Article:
This dissertation aims to study and understand relevant issues related to the electronic, spin and valley transport in two-dimensional Dirac systems for different given physical settings. In summary, four key findings are achieved.
First, studying persistent currents in confined chaotic Dirac fermion systems with a ring geometry and an applied Aharonov-Bohm flux, unusual whispering-gallery modes with edge-dependent currents and spin polarization are identified. They can survive for highly asymmetric rings that host fully developed classical chaos. By sustaining robust persistent currents, these modes can be utilized to form a robust relativistic quantum two-level system.
Second, the quantized topological edge states in confined massive Dirac fermion systems exhibiting a remarkable reverse Stark effect in response to an applied electric field, and an electrically or optically controllable spin switching behavior are uncovered.
Third, novel wave scattering and transport in Dirac-like pseudospin-1 systems are reported. (a), for small scatterer size, a surprising revival resonant scattering with a peculiar boundary trapping by forming unusual vortices is uncovered. Intriguingly, it can persist in arbitrarily weak scatterer strength regime, which underlies a superscattering behavior beyond the conventional scenario. (b), for larger size, a perfect caustic phenomenon arises as a manifestation of the super-Klein tunneling effect. (c), in the far-field, an unexpected isotropic transport emerges at low energies.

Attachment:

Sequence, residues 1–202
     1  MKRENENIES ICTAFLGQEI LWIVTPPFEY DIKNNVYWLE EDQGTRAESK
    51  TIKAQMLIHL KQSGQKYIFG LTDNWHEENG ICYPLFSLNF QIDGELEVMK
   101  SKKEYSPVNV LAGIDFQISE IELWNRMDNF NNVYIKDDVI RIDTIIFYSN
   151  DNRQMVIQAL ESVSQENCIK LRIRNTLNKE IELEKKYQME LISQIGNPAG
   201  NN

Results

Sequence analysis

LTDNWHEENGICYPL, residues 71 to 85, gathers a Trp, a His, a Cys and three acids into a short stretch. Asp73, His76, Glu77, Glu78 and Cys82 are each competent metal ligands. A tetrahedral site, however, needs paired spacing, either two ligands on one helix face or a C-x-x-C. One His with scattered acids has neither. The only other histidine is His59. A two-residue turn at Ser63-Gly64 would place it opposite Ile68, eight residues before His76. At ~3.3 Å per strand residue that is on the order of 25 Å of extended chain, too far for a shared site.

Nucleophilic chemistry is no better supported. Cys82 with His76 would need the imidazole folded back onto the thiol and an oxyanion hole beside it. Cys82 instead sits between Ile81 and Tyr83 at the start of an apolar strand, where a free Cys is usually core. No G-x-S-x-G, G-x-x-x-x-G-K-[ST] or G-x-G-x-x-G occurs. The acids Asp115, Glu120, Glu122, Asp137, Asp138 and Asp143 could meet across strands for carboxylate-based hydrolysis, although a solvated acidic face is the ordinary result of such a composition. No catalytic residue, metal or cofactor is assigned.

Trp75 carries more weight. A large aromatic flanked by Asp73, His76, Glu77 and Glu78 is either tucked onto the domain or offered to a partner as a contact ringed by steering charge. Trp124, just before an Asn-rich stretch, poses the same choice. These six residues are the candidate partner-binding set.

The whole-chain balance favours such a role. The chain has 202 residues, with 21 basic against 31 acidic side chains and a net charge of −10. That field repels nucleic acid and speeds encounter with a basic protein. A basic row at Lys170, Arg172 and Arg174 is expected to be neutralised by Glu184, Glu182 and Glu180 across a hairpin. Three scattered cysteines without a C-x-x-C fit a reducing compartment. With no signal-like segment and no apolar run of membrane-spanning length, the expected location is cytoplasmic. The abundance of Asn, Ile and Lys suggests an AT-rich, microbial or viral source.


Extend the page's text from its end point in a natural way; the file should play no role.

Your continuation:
Fourth, a geometric valley Hall effect (gVHE) originated from fractional singular Berry flux is revealed. It is shown that gVHE possesses a nonlinear dependence on the Berry flux with asymmetrical resonance features and can be considerably enhanced by electrically controllable resonant valley skew scattering. With the gVHE, efficient valley filtering can arise and these phenomena are robust against thermal fluctuations and disorder averaging.